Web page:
A family at war, and Kay Dexter is caught in the crossfire.
Geriatric care manager Kay Dexter is savvy, fierce and determined as she protects and advocates for elderly clients. Kay left the big city to care for her parents in their small mountain town, so she knows from experience that eldercare is hard on families.
Betty Garvin needs Kay, especially when her daughters battle over Betty’s care. Kay tries to mediate the dispute, and finds herself on the front lines. Is there more to the conflict than the sisters’ concern for their mother’s health? Does Betty’s valuable estate come into play?
When the two daughters go to war, someone winds up dead. And Kay could be collateral damage.
“This award-winning author has crafted a new series that immediately draws in readers with its original premise and an extraordinary heroine.”
—Cynthia Chow, Kings River Life
It’s been nine years since Boothe Treader summered at her family’s island. Twelve since her brother died on its rocky shore. She’s never forgiven him for abandoning her, her parents for divorcing, or the dark-eyed boy who watched him drown. The stranger, the killer, no punishment that let him live could ever be enough. So, she wished him dead each passing day.
Now her dead brother is beckoning her to his gravesite. Her mother has deeded her the island. And old friends are lining up to welcome her back—or are they?
“A mystery rich with unease…”
It is April 1975. The U.S. has withdrawn leaving only a few Marines to protect the U.S. Embassy and Airbase HQ. As the North Vietnamese close in on Saigon, journalists stay on to report the advance, South Vietnamese beg to leave, and the U.S. is ready to forget—but not the Coopers.
Two acquaintances from opposite worlds call in their markers, sending Laury Cooper careening back to Saigon on a knight’s errand. Disgraced, CDR Byron Cooper is given one last chance aboard an aircraft carrier in the South China Sea. As Saigon falls, both brothers face their future, a future endangered by greed, desire, treachery, and drugs.
One of them will risk everything, including his wife and children, to win.
“This wartime thrill ride turns the waning days of the U.S.’s involvement in Vietnam into a pulse-pounding, smart tale of suspense.”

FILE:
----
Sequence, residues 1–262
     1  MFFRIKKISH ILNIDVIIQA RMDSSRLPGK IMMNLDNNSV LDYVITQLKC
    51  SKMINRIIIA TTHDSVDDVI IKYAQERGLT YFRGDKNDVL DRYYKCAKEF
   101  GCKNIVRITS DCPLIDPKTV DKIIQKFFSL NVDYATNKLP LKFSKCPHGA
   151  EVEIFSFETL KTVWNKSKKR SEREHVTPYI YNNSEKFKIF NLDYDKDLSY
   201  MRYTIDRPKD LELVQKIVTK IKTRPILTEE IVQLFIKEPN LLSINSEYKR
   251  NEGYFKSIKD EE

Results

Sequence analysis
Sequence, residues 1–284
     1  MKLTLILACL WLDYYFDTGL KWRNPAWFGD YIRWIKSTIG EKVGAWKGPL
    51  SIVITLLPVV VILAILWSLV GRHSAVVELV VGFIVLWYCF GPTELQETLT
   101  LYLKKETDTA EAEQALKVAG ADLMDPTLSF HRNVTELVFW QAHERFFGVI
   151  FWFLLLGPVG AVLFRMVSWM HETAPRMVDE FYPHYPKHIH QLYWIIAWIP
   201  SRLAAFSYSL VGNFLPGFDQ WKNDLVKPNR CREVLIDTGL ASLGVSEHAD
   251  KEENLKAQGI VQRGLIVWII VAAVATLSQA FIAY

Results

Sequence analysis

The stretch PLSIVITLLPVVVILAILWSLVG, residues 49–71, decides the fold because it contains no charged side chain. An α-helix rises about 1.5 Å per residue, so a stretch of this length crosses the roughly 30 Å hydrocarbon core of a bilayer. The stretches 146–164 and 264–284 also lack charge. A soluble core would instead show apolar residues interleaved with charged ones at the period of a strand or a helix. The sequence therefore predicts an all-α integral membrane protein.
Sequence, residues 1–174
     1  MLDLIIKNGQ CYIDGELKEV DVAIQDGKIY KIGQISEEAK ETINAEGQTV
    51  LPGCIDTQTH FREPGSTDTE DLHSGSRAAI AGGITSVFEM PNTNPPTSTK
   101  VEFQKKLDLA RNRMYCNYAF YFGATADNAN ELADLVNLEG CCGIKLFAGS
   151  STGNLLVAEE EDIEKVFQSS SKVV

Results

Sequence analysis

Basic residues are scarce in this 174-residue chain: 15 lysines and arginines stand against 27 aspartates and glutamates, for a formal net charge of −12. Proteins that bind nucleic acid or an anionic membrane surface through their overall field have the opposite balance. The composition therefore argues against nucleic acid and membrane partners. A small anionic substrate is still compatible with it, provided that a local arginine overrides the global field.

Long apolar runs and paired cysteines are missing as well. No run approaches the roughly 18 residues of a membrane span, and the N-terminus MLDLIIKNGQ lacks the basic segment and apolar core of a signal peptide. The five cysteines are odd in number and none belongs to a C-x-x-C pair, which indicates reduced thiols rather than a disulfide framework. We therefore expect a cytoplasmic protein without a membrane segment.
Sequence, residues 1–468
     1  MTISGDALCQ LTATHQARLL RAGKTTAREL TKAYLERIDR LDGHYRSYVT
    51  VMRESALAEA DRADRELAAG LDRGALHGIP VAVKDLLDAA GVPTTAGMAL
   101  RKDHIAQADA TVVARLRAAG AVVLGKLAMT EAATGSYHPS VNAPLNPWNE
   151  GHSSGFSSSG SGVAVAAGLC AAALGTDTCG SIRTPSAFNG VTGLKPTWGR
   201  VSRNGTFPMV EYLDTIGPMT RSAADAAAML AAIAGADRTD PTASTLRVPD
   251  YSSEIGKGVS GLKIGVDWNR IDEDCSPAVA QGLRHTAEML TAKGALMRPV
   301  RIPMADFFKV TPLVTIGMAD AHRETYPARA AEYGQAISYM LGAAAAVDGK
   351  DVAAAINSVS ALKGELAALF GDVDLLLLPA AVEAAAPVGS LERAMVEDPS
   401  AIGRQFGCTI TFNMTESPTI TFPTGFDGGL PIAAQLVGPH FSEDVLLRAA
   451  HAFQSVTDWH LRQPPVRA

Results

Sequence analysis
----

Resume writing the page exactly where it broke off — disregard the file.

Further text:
Teen heiress Calypso Swale was about to join the U.S. Olympic equestrian team when a car crash involving a drunken Grieg Washburn, heir to Washburn Exploration (WashEx) empire, kills her parents. At the time, Larch Swale, Calypso’s father, was the COO of WashEx. Her father’s last word to her was “Run,”and Calypso obligingly disappeared with a chunk of his money and a precious patent for a new kind of engine. Five years later, Grieg’s father is dead and it looks like someone’s trying to kill Grieg, too. WashEx’s board is offering a reward for Calypso’s return, and no one wants her found more than Grieg.
“This well-constructed thriller provides plenty of action… The protagonists are unusual and compelling. Their mutual need to reinvent themselves in order to survive will resonate with readers as the double-crosses and questions pile up. This is a satisfying look at the devastation wrought by selfishness… Great for fans of James Patterson’s The 6th Target, David Baldacci’s A Minute to Midnight.”
Head First is the second novel in the Cooper Quartet, the story of a military family set against the tumult of the Vietnam Era. It is December 1972, President Nixon has ordered carpet bombing of Vietnam, and public opinion has turned sharply against the war.
For Jolie Minotier the stakes couldn’t be higher, adrift in the town where her mother, terrorist Chloe Minotier, abandoned her, fearful her mother will resurface, rejected by her father, she does the one thing she can think to do—run. But she doesn’t anticipate being kidnapped or that her father, now CDR Byron Cooper, her uncle, Laury Cooper, or her aunt, LT Robin Haas, will care. But they do. Sufficiently to endanger their lives and careers in the rush to find her.
Jolie’s disappearance sets off a chain of events from kidnapping, to heroin smuggling, to unsanctioned insertion into Vietnam that will change the landscape of the Cooper family forever.
“As historical fiction, Head First is accurate; as a novel, it’s moving, intriguing and a successful portrait of a family living, trying to survive, during extremely trying times, under extraordinary circumstances.”
—Wanda Fischer, Reedsy Discovery